We used 454 GS-Junior shotgun sequencing to develop species-specific microsatellite markers. Genomic DNA was extracted from whole blood stored in lysis buffer  with the DNEasy Blood and Tissue DNA Kit (Qiagen, Valencia, CA). Genomic DNA (2 µg) was sheared on the Q800R sonicator (QSonica, Newton, CT) for 2 min into 300–500 bp fragments. The sheared DNA sample was purified with Sera-Mag Speed Beads (2×) (Thermo Fisher Scientific, Waltham, MA) and eluted in 15 μl of ddH20. Purified samples were prepared for 454 sequencing using a shotgun library preparation protocol . DNA fragments were blunt-ended and short adapters  ligated to the 3′ and 5′ ends of each fragment with the NEB Quick Blunting and Quick Ligase Kits (New England Biolabs, Ipswich, MA). One end of each fragment contained a unique sample-specific 8 bp barcode. Fragments with adapters successfully ligated were reamplified using emulsion PCR (emPCR) primers  and libraries were purified with Sera-Mag Speed Beads in PEG solution and size selected by gel extraction from a 1.5 % agarose gel with the MinElute Gel Extraction Kit (Qiagen). Libraries were quantified with the 454 Library Quantification Kit (Kapa). The yuhina single-stranded DNA (ssDNA) library had an average length of 500 bp and the babbler ssDNA library had an average length of 600 bp. We pooled the barcoded ssDNA libraries with one other individually barcoded species and conducted an emPCR at a concentration of 0.6 copies per bead with Lib-L Roche kits and reagents. The emPCR yielded 3 % enriched beads for sequencing a single PicoTiter plate on the 454 Genome Sequencer Junior System (GS-Junior, 454 Life Sciences, a Roche Company, Branford, CT). We used the Roche software shotgun pipeline for quality filtering on the GS-Junior, resulting in a total of 38,619 sequenced fragments for the three species. The 454 datasets were demultiplexed using a MIDconfig.parse file from the sfffile program. The single run yielded 17,645 reads for the yuhina (range 32–580 bp) and 8029 reads (range 32–548 bp) for the babbler, both with an average read length of 350 bp. We filtered the reads (min length = 60, max length = 400, ambiguity max 1 % of N, mean quality score = 15–25) and trimmed the run of low quality sequences (mean quality score: 5′ = 20, 3′ = 20) with PRINSEQ , resulting in 14,492 good reads for the yuhina and 6591 good reads for the babbler.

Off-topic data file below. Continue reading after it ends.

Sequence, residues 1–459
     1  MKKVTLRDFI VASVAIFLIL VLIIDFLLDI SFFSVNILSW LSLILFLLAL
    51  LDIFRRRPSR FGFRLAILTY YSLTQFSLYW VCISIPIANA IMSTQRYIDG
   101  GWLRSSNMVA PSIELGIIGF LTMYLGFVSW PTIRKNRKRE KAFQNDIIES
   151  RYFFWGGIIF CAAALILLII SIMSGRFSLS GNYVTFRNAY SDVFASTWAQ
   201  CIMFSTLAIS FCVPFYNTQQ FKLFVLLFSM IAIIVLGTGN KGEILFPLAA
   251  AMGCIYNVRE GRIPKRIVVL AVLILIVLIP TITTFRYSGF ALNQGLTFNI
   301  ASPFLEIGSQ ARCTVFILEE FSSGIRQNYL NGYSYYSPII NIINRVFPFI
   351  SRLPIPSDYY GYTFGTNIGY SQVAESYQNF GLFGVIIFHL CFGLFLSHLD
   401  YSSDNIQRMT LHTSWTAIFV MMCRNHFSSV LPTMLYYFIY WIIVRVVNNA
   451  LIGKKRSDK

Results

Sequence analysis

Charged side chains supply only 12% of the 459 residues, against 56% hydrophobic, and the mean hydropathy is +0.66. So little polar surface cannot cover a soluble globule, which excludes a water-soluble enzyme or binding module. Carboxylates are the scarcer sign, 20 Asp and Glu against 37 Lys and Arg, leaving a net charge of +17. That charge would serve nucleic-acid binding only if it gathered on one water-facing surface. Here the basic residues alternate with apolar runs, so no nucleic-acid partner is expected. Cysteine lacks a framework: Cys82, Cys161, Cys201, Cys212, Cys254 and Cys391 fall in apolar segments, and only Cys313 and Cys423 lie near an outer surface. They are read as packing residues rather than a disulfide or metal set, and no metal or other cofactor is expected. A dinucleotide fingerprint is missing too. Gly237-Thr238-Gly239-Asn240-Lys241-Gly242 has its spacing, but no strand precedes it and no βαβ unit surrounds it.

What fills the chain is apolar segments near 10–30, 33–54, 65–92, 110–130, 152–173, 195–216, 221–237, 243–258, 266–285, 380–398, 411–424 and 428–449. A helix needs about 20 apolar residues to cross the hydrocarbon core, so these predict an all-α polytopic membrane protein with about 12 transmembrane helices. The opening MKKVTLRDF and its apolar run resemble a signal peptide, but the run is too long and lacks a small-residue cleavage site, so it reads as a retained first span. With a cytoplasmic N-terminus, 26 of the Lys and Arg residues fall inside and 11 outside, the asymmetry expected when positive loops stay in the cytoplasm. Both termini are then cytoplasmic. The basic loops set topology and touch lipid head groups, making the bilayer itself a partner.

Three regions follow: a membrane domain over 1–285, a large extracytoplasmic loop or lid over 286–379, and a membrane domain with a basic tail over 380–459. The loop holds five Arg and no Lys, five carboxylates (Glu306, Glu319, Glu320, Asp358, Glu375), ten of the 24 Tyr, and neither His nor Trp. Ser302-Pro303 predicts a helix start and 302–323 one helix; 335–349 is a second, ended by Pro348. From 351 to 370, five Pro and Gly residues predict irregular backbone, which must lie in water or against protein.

We used 454 sequence data to identify microsatellites and design PCR primer pairs. We screened for perfect and imperfect (>85 %) microsatellites (repeats of di-, tri- and tetranucleotides) with minimum repeat lengths of 20, 24, and 28 bp, respectively, with the Phobos plugin  in Geneious . We selected unique repeat motifs with adequate length of flanking sequences (~25 bp) to design primer pairs (~18 bp) for amplifying these repeats. We used BLAST  to identify and remove microsatellite sequences that matched known bacteria over the length of the read. We aligned all reads with microsatellites to remove exact duplicates with Geneious. This resulted in 36 unique microsatellites in the yuhina and 40 in the babbler for primer design. We designed five primer pairs for each microsatellite locus with the Primer3 plugin  and chose the best pair of primers for each microsatellite based on a combination of least dimer (pair, self, and/or hairpin) and matching melting temperatures between primers with a size <300 bp.